- Hardness (mg/L), an index to measure the concentration at Ca2+ and Mg2+ ions in water, was determined by titrating a known volume of water with a standard EDTA solution using Erichrome Black-T (EBT) indicator to show the end point of the reaction.
- Coliform bacteria: The test for the total Coliform, as an "indicator organism" for the water quality was performed using a Coliform bacteria test kit. All the parameters were analyzed in laboratory after samples preservation as per Khanna et al., 2011, Bureau of Indian Standards (BIS 1991) and American Public Health Association (APHA 2005) guidelines. The colorimetric analyses were done with UV Spectrophotometer Cary 60. The statistical analysis was carried out using Minitab 16 to identify the correlation between selected water quality parameters.
RESULTS AND DISCUSSION
Irrigated agriculture is dependent on an adequate water supply of usable quality. Water quality concerns have often been neglected because good quality water supplies have been plentigul and readily available. This situation is now changing in many areas. Intensive use of nearly all good quality supplies means that new irrigation projects and old projects seeking new or supplemental supplies must rely on lower quality and less desirable sources. To avoid problems when using these poor quality water supplies, there must be sound planning to ensure that the quality of water available is put to the best use.
Conceptually, water quality refers to the characteristics of a water supply that will influence its suitability for a specific use, i.e. how well the quality meets the needs of the user. Quality is defined by certain physical, chemical and biological characteristics. Even a personal preference such as taste is a simple evaluation of acceptability. In irrigation water quality, emphasis is given to chemical and physical characteristics of the water and only rarely are any other parameter considered important.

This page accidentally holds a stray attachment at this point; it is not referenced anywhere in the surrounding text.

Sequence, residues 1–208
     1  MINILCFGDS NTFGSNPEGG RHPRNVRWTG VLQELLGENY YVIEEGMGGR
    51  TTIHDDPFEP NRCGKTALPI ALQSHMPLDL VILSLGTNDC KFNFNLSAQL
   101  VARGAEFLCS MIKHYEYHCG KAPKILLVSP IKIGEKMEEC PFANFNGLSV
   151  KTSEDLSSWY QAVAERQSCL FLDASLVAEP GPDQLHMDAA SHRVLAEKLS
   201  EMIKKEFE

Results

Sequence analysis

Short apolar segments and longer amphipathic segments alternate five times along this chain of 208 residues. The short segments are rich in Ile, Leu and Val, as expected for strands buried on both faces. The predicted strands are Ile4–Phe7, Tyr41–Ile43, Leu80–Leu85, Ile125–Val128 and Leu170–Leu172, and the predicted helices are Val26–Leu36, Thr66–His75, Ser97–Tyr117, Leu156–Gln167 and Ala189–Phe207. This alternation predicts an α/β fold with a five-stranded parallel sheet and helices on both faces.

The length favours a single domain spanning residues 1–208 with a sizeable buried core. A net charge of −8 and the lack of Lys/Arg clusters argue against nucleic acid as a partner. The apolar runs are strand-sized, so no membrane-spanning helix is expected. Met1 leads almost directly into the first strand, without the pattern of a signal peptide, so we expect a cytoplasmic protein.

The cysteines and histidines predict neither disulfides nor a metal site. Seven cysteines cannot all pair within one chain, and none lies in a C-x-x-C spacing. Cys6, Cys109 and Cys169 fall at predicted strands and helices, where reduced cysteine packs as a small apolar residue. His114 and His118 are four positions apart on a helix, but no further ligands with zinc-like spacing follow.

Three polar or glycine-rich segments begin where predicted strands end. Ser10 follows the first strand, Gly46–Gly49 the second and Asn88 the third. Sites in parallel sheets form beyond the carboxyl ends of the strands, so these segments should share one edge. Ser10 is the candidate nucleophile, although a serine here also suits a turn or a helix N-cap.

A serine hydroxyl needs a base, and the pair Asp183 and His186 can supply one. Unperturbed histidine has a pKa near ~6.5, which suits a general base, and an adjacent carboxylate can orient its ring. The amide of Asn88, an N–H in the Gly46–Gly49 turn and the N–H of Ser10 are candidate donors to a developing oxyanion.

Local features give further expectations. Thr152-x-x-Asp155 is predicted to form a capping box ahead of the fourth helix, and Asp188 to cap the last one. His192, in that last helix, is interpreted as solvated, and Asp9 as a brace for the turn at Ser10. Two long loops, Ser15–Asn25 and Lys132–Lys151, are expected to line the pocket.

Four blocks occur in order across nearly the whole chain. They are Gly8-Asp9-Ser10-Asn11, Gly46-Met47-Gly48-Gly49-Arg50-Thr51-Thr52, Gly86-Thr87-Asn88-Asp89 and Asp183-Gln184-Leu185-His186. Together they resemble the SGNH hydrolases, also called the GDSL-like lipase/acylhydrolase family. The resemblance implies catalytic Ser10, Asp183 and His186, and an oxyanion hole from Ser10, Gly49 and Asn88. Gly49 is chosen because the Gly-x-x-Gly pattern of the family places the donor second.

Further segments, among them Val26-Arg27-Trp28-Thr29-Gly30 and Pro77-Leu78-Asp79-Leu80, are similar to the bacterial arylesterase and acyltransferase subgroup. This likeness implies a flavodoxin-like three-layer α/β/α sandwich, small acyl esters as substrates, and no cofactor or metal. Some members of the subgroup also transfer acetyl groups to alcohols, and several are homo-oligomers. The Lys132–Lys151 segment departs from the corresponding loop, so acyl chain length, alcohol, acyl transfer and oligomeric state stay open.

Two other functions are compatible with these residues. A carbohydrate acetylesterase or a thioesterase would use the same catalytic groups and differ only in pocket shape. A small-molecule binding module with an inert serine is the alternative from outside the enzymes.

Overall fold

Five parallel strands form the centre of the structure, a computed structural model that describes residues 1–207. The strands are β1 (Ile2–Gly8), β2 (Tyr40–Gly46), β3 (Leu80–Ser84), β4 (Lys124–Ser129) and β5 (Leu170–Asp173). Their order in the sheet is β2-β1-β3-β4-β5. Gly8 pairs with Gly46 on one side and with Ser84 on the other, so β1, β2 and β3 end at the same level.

Water used for irrigation can vary greatly in quality depending upon type and quantity of dissolved salts. Salts are present in irrigation water in relatively small but significant amounts. They originate from dissolution or weathering of the rocks and soil, including dissolution of lime, gypsum and other slowly dissolved soil minerals. These salts are carried with the water to wherever it is used. In the case of irrigation, the salts are applied with the water and remain behind in the soil as water evaporates or is used by the crop.
The suitability of a water for irrigation is determined not only by the total amount of salt present but also by the kind of salt. Various soil and cropping problems develop as the total salt content increases, and special management practices may be required to maintain acceptable crop yields.
Water Quality parameters and pollution
Major point sources of pollution in river Ganga are discharge of untreated/partially treated sewage from- -urban- centres- discharge from open drains, carries sewage, industrial wastewater, returned storm water, discharge from major tributaries discharge of untreated/partially treated/treated wastewater from industrial units.
Water pollution is a major global problem which requires ongoing evaluation and revision of water resource policy at all levels (international down to individual aquifers and wells). It has been suggested that water pollution is the leading worldwide cause of deaths and diseases, and that it accounts for the deaths of more than 14,000 people daily. An estimated 580 people in India die of water pollution related illness every day. In addition to the acute problems of water pollution in developing countries also continue to struggle with pollution problems.